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Assessing risks of violent extremism in depressive disorders: Developing and validating a new measure of Sympathies for Violent Protest and Terrorism

Research output: Contribution to journalArticle

Kamaldeep Bhui, Michaela Otis, Kristoffer Halvorsrud, Mark Freestone, Edgar Jones

Original languageEnglish
JournalAustralian and New Zealand Journal of Psychiatry
Accepted/In press1 Jan 2020

King's Authors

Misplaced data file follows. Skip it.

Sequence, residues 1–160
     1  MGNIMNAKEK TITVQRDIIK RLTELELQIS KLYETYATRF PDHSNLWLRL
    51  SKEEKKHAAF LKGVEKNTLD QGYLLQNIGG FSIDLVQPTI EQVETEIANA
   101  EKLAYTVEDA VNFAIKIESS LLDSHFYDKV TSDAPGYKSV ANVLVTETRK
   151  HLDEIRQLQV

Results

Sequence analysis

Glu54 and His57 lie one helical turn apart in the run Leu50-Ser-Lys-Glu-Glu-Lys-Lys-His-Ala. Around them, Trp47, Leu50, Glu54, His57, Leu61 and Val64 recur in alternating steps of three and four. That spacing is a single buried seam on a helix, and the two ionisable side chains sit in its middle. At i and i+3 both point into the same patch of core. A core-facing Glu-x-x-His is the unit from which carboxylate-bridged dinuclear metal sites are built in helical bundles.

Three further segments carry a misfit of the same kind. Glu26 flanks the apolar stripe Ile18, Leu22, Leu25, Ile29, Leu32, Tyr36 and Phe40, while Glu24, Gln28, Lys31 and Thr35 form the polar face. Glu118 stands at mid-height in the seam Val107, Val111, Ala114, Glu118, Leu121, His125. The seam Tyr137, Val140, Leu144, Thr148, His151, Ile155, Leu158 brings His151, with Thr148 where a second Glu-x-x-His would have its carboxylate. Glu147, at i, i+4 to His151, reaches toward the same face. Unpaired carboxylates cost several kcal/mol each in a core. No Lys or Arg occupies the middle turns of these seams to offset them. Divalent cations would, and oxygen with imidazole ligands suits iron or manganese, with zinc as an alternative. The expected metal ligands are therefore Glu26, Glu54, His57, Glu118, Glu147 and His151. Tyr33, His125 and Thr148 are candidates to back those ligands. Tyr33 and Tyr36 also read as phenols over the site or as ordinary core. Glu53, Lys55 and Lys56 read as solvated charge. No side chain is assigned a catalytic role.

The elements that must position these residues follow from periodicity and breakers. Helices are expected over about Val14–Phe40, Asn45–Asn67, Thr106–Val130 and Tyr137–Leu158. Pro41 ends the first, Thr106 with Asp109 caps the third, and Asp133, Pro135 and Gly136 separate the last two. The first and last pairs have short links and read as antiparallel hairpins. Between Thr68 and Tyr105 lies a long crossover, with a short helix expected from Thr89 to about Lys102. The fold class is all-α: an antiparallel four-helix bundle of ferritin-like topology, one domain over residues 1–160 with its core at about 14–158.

Objective: Clinicians are tasked with assessing the relationship between violence and mental illness. Yet, there is now a legal expectation in some countries that public services, including health professionals, assess risk of violent extremism – with few available measures. We previously developed a new measure of Sympathies for Radicalisation, using items that measure Sympathies for Violent Protest and Terrorism. In this paper, we present the detailed psychometric properties of a reduced item measure of Sympathies for Violent Protest and Terrorism. We use data from two studies to test replication and then validity against outcomes of self-reported violence and convictions in the entire sample and in those with depressive symptoms. Methods: Data from two cross-sectional neighbourhood surveys, consisting of Pakistani and Bangladeshi adults (survey 1, n = 608) and White British and Pakistani adults (survey 2, n = 618), were used to undertake confirmatory factor analysis of Sympathies for Radicalisation and produce a short measure of Sympathies for Violent Protest and Terrorism. Survey 2 data were used to test the Sympathies for Violent Protest and Terrorism’s convergent validity to classify presence/absence of violence and convictions in the whole sample and for subgroups by depressive disorder. Results: The seven-item measure’s structure was a consistent measure of extremist attitudes across the two surveys. A threshold score of zero to classify violence was optimal (specificity = 89.7%; area under the curve = 0.75), but sensitivity to a risk of violence was poor (34.5%). The short version Sympathies for Radicalisation was a better classifier of violence in respondents with depression, dysthymia or both (area under the curve = 0.78) than respondents with neither (area under the curve = 0.69; β = 0.62, 95% confidence interval = [−0.67, 1.92]; standard error = 0.66). Conclusion: The seven-item measure of Sympathies for Violent Protest and Terrorism is an accessible and valid measure for clinical assessments and helpfully identifies low risk of violence. It enables clinicians to conduct detailed assessments of people endorsing one or more of the items, although further research is needed.

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